I figured out early on in the freelancing game that I wasn't going to make a fortune in it. Most magazines pay on publication, so there's always a wait to get paid, and unless you're working for a large national publication the sums are fairly small-$250 or $300 for an article is at the top of the scale even for some "names" in my résumé.
Writers (and other freelancers) take these small jobs because the work is interesting, it builds a résumé and getting paid anything beats working for free. But the system invites abuse.
Local and regional magazines are particularly bad. Relying on paid advertising, some develop cozy relationships with their cash cows and even run copy by them and accept changes full of hype, inaccuracies and bad English. True editors are rare, allowing all sorts of errors to creep through. These practices, more than the delayed and paltry payment, are behind my decision to stop writing for Reaching New Heights.
Even big national names, though, can be a bad bet for a freelancer. A couple of years back I signed a contract with Fodor's travel guides to do some fact-checking and updating for them. It was a bigger chunk of money than I usually get, plus there was that recognized name.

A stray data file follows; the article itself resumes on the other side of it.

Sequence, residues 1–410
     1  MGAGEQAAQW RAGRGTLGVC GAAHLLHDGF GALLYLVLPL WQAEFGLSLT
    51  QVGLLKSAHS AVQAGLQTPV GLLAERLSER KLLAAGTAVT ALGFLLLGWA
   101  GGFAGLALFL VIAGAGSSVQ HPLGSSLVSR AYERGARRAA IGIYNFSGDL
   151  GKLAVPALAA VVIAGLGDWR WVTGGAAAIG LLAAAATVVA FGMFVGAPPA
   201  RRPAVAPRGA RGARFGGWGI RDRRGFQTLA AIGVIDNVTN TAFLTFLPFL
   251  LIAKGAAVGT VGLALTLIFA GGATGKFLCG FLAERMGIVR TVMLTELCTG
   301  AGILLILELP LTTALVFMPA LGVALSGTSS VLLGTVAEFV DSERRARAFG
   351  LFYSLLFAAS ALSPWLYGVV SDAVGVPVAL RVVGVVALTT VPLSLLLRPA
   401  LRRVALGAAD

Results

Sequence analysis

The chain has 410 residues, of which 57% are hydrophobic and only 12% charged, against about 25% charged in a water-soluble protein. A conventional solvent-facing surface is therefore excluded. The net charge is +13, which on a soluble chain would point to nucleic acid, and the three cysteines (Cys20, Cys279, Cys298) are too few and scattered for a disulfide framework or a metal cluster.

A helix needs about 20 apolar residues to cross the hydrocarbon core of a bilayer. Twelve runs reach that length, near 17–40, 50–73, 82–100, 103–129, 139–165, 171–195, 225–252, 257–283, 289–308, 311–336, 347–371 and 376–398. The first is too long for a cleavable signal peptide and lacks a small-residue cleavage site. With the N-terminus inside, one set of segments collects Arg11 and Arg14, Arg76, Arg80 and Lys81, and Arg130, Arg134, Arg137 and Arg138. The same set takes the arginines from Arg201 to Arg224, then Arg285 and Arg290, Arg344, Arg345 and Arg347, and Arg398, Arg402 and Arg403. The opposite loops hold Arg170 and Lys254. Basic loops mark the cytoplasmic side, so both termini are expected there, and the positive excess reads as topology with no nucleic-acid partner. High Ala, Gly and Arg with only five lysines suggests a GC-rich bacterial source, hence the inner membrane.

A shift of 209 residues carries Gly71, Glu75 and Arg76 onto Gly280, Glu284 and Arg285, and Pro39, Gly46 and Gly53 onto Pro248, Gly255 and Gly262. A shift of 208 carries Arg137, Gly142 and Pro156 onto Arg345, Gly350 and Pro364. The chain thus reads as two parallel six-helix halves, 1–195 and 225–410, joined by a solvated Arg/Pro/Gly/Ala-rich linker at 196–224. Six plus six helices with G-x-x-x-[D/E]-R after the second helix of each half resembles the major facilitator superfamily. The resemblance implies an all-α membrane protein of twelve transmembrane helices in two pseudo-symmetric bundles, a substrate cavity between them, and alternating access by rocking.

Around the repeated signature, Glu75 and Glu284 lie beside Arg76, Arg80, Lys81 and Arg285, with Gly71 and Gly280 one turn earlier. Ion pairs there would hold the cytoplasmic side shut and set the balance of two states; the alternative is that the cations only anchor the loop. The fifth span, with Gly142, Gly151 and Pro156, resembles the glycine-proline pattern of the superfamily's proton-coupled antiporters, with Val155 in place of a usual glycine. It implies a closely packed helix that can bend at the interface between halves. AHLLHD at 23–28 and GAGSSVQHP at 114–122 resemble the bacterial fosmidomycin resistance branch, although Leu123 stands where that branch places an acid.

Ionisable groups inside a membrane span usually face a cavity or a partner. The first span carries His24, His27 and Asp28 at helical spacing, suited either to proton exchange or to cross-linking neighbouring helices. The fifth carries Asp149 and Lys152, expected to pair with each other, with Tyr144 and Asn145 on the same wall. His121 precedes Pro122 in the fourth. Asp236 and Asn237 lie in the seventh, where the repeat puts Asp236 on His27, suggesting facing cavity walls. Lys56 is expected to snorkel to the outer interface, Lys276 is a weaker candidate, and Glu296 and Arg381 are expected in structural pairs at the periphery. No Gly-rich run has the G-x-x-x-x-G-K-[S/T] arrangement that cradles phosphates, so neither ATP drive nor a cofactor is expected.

Bad decision! It was difficult, expensive work (entailing frequent overseas phone calls), and when I figured out how much time was going into the project I saw that I was making less than minimum wage. A year later, when Fodor's dangled more money in front of me for site inspections, I had wised up enough to turn it down.
Surprisingly, my best freelance clients have been newspapers. Even low-paying stringer work was paid in a timely fashion, and my years at the Richmond Times-Dispatch gave me steady, if small, income.
The most difficult part of the freelance journey has been learning my own worth and being willing to stand up for it. I am a good writer and my editing background makes my work quite valuable for many publications. I just wish it hadn't taken 36 years for me to see that!